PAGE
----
As I waited I started reading Eugene O’Neill’s Long Day’s Journey Into Night — DON’T DO THAT IN A WAITING ROOM on my Kindle. The play is a deeply dramatic depiction of a family in severe dysfunction from addiction, parsimony, anger, repressed emotions and physical illness. It’s utterly amazing, astounding and fantastically deep and reflective, but woah. I was tapped on the shoulder by a nurse and asked to come back to the room. They found something on my son.
I cheerfully stood up, eagerly followed the assistant and chirped, “Hey Bud!” to my son in his paper gown on the cold vinyl chair as I entered his exam room. His expression said, “What’s going on?” His voice said, “Hey, mom. They want you to sign something.” “OK, I’m in!” I chirped again, swallowing and sitting on the edge of the chair behind me.
My head flooded with blood. Saline was trying to pump its way out of my eyes and my throat tightened. The doctor came in, he’s Russian and I adore him because he is “Wery pohkir fazed. He dells yew nudding with heez eyez or voyze. Da.”
They needed me to sign consent to remove for biopsy two moles that “Eye… dun’t lyke. I dew nut know eef dey are beeg becuz he ees a beeg bouy naow und haz gruwn so fazt or…” and I interrupted him and said, I understand. Should I have brought him last year; you said every two years. I was on time. But my eyes were welling up and my lip began to tremble.
“No. Dis is nut dat, Mom. I am takink precushion. Bayzeline. And I meant tew yearz,” he said, I sighed.
I signed. He numbed my son and removed the moles.
The whole time I’m thinking, “GAME FACE, GAME FACE.” I kept it together. My son, also very new to this biopsy stuff said, “What do you mean, biopsy?” and the doctor started to explain that it was a test to look at the cellular nature of the samples and my son said, “No, I’m in honors biology at school, I know what a ‘biopsy‘ is. Why are you taking them…?”
I interrupted and said, “Because it’s what good doctors do. He’s not sure if they’ve stretched out because you’ve grown so fast or if these moles are suspicious. The biopsy, as you know, will tell him what he needs to know, and then we go from there.” I pressed my lips together and looked down at my sneakers. They were dirty.
“Oh,” said my son.
“Ok?” said the doc.
“Ok,” said my son.
The whole way home after that I’m keeping it together. My son kept it together but was openly resentful that I didn’t ask enough questions. I knew that was coming. I didn’t ask “enough” questions because I wasn’t sure of the responses and I wanted the doctor to speak freely and not in front of my son. I fully intended to follow up with a call the next day. My son said to me, “If it’s bad news, you’ll tell me, right?” And I said, “Totally. I would never keep anything like that from you.” (Lie?)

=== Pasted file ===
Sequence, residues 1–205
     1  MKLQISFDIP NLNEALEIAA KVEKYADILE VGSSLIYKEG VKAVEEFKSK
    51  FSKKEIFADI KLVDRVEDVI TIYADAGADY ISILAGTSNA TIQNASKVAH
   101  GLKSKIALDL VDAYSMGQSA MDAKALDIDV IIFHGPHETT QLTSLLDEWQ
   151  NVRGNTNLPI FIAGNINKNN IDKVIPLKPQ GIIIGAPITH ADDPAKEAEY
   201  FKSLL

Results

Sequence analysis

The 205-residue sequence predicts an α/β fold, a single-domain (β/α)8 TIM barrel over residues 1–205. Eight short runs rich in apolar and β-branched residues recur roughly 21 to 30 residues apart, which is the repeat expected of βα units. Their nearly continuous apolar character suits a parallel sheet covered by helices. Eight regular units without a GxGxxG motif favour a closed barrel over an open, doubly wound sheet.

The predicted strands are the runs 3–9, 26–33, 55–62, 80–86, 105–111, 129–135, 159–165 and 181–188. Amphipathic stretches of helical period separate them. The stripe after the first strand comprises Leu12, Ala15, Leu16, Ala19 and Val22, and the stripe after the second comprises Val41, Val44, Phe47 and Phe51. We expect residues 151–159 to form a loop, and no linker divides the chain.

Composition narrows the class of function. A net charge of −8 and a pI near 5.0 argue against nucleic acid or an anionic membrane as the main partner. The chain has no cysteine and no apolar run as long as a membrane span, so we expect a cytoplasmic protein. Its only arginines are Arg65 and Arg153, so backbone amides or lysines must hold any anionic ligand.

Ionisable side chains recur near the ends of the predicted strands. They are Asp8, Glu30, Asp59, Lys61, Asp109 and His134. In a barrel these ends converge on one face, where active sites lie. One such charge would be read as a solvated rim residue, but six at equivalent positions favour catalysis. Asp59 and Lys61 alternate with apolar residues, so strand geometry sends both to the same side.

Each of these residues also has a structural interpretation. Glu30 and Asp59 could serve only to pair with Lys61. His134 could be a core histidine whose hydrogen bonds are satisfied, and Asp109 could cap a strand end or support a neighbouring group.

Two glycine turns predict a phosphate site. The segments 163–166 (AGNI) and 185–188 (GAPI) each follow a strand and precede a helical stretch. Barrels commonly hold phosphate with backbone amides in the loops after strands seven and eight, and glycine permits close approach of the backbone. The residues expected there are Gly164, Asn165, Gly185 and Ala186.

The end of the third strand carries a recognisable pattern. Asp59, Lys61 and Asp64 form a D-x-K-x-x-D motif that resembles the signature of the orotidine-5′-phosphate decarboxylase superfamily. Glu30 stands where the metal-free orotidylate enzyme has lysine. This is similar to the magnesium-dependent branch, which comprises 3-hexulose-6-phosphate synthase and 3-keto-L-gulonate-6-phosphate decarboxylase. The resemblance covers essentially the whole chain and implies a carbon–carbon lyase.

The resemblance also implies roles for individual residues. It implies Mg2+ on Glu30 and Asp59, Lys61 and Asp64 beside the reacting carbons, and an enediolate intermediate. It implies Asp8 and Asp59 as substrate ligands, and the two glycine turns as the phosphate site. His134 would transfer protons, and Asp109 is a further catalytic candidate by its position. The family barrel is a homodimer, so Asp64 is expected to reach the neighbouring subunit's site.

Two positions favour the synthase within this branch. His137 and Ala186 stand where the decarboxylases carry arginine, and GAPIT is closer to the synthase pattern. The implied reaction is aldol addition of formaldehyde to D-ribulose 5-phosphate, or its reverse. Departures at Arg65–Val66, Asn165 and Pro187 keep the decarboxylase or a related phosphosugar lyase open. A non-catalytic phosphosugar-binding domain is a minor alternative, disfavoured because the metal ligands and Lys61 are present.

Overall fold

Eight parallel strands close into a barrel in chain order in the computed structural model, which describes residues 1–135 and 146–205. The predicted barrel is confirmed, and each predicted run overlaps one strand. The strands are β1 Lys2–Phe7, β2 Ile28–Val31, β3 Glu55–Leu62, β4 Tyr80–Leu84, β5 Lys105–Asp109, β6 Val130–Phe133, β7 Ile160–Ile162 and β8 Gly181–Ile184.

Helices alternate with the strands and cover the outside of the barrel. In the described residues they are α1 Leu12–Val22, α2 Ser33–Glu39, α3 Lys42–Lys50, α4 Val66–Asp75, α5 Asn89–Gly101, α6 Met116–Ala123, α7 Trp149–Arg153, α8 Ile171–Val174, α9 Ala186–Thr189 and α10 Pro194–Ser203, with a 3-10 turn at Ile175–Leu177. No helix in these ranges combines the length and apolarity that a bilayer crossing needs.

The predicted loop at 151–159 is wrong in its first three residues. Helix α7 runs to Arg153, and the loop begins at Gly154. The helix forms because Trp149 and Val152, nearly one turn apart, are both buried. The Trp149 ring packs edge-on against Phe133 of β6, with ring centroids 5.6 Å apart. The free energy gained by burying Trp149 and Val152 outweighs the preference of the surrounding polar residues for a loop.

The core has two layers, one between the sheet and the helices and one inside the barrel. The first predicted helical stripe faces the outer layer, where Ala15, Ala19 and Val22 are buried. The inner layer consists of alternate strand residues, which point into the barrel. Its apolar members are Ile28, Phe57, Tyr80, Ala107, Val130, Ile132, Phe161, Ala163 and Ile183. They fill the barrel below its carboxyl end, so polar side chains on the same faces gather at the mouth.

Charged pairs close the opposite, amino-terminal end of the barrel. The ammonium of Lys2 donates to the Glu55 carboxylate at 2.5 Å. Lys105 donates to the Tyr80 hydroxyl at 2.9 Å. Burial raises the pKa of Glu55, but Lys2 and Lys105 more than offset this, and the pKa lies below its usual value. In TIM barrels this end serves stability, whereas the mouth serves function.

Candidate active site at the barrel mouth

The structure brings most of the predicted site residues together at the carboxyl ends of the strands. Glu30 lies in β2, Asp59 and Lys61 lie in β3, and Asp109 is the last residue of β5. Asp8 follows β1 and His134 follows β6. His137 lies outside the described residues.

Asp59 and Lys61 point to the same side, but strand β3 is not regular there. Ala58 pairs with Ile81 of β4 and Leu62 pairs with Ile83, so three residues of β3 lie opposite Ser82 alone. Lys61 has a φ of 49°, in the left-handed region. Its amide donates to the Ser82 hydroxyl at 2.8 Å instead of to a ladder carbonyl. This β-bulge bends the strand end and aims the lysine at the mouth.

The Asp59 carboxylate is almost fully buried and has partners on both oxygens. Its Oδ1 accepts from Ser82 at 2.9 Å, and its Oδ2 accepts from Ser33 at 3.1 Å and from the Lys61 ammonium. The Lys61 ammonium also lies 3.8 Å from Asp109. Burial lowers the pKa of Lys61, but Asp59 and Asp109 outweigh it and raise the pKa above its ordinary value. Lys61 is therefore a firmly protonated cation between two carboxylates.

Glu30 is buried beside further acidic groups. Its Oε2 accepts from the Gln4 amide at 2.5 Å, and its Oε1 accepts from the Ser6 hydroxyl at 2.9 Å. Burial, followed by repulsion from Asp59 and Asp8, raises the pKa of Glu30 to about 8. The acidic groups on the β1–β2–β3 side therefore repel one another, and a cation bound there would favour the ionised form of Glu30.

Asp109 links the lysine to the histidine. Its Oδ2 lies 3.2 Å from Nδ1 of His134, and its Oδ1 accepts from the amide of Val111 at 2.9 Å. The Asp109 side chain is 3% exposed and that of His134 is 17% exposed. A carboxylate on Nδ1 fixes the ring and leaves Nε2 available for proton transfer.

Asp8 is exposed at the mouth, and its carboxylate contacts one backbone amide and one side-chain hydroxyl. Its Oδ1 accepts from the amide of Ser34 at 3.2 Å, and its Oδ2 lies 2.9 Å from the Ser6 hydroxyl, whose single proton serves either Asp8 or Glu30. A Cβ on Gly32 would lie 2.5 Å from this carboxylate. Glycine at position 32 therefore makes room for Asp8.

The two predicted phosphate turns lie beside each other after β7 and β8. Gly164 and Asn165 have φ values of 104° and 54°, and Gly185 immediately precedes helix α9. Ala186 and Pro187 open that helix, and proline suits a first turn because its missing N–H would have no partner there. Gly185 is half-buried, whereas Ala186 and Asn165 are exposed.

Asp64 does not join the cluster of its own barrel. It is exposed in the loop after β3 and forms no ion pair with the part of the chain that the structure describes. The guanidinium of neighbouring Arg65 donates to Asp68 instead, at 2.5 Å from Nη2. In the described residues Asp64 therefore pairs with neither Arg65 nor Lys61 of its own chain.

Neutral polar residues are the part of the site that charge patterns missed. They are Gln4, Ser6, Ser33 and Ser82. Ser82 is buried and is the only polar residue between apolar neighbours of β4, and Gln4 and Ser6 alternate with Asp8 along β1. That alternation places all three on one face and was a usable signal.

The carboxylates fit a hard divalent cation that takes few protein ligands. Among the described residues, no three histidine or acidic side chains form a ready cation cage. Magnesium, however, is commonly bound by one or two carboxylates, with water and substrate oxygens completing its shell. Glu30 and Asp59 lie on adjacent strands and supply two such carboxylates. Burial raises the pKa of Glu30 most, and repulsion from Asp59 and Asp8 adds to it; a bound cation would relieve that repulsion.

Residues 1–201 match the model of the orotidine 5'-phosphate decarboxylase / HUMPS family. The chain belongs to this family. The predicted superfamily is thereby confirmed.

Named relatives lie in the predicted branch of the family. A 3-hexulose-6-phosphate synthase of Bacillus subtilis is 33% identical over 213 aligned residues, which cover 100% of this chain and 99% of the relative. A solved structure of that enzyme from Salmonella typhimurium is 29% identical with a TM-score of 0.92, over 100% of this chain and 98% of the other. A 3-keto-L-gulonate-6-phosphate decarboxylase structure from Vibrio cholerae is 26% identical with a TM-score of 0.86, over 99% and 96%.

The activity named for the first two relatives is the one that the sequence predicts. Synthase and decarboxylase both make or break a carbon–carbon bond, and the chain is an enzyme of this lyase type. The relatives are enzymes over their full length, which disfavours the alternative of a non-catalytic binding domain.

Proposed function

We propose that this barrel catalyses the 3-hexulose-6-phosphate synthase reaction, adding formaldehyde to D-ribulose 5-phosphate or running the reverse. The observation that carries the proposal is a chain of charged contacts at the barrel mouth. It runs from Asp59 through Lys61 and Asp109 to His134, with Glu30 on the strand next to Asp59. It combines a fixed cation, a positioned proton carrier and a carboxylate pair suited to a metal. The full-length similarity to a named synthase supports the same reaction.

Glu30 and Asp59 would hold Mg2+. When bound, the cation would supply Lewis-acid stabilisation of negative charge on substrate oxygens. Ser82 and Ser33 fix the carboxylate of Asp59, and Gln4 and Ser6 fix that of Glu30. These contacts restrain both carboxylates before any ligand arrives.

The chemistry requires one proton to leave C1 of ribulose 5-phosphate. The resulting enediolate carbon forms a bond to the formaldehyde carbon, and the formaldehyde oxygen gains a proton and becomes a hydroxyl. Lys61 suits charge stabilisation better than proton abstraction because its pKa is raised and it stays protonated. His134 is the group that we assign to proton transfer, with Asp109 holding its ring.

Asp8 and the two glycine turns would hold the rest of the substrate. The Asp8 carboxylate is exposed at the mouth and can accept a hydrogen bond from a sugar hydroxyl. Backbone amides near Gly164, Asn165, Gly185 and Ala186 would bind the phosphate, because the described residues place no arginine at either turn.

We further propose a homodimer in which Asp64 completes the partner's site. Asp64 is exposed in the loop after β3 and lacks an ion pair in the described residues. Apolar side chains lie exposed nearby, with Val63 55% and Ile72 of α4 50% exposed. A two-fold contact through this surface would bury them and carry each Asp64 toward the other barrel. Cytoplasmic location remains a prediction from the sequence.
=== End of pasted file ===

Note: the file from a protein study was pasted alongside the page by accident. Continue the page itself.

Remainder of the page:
The whole time I’m driving, I’m thinking, “Today’s drive and wait in the office could have been the last normal hour I had with my son. We might be in for a total shift in a week. Right now, all I know is that he’s here…”
I am not one given to histrionics. I am not a drama-seeker. I hate that shit. So I did a good job of staying pretty calm even though I was totally preoccupied. Be the adult and the leader. My son picked up on my cues and stayed focused on what he knew, which was that he has a conservative and careful doctor and that a scar from a biopsy is a hell of a lot better than not having the scar. Moments after we pulled in the driveway, my husband came home and I lost it in front of him while our son was jamming to some Led Zepplin on his electric guitar upstairs in his room.
“You’re overreacting. You don’t know anything. Why didn’t you ask the questions?” I wanted to shove him through a wall. He walked out. He came back a few moments later and I said to him, “I need a soft place to fall. I need that to be you. I need you to deal with my fractured emotional state right now because I have been keeping my shit together since I had to put down my Kindle in the waiting room.”
He silently nodded and agreed, he wasn’t being my soft place to fall. He allowed me to crumble into his arms. I heaved. I cried like a baby. Then I bootstrapped and moved on, we gently high-fived. Not kidding.
A week later, the call came: he’s OK. The moles are benign, but one needs further removal because it’s “atypical” but not “abnormal” and not “precancerous.” I told my son that we have to go back tomorrow, actually, and he said, “OK. Good because I want it all gone; no sense in having it there if it’s not safe.”
My son is just one of my heroes. Going forward, my life expectancy is to just have a good time, not make waves if at all possible and continue to write, share, learn from my upcoming and guaranteed mistakes. This “life” stuff is good though. It is.
So I’m off to yoga and then the water. Have a great day. I will too.
Happy birthday to me.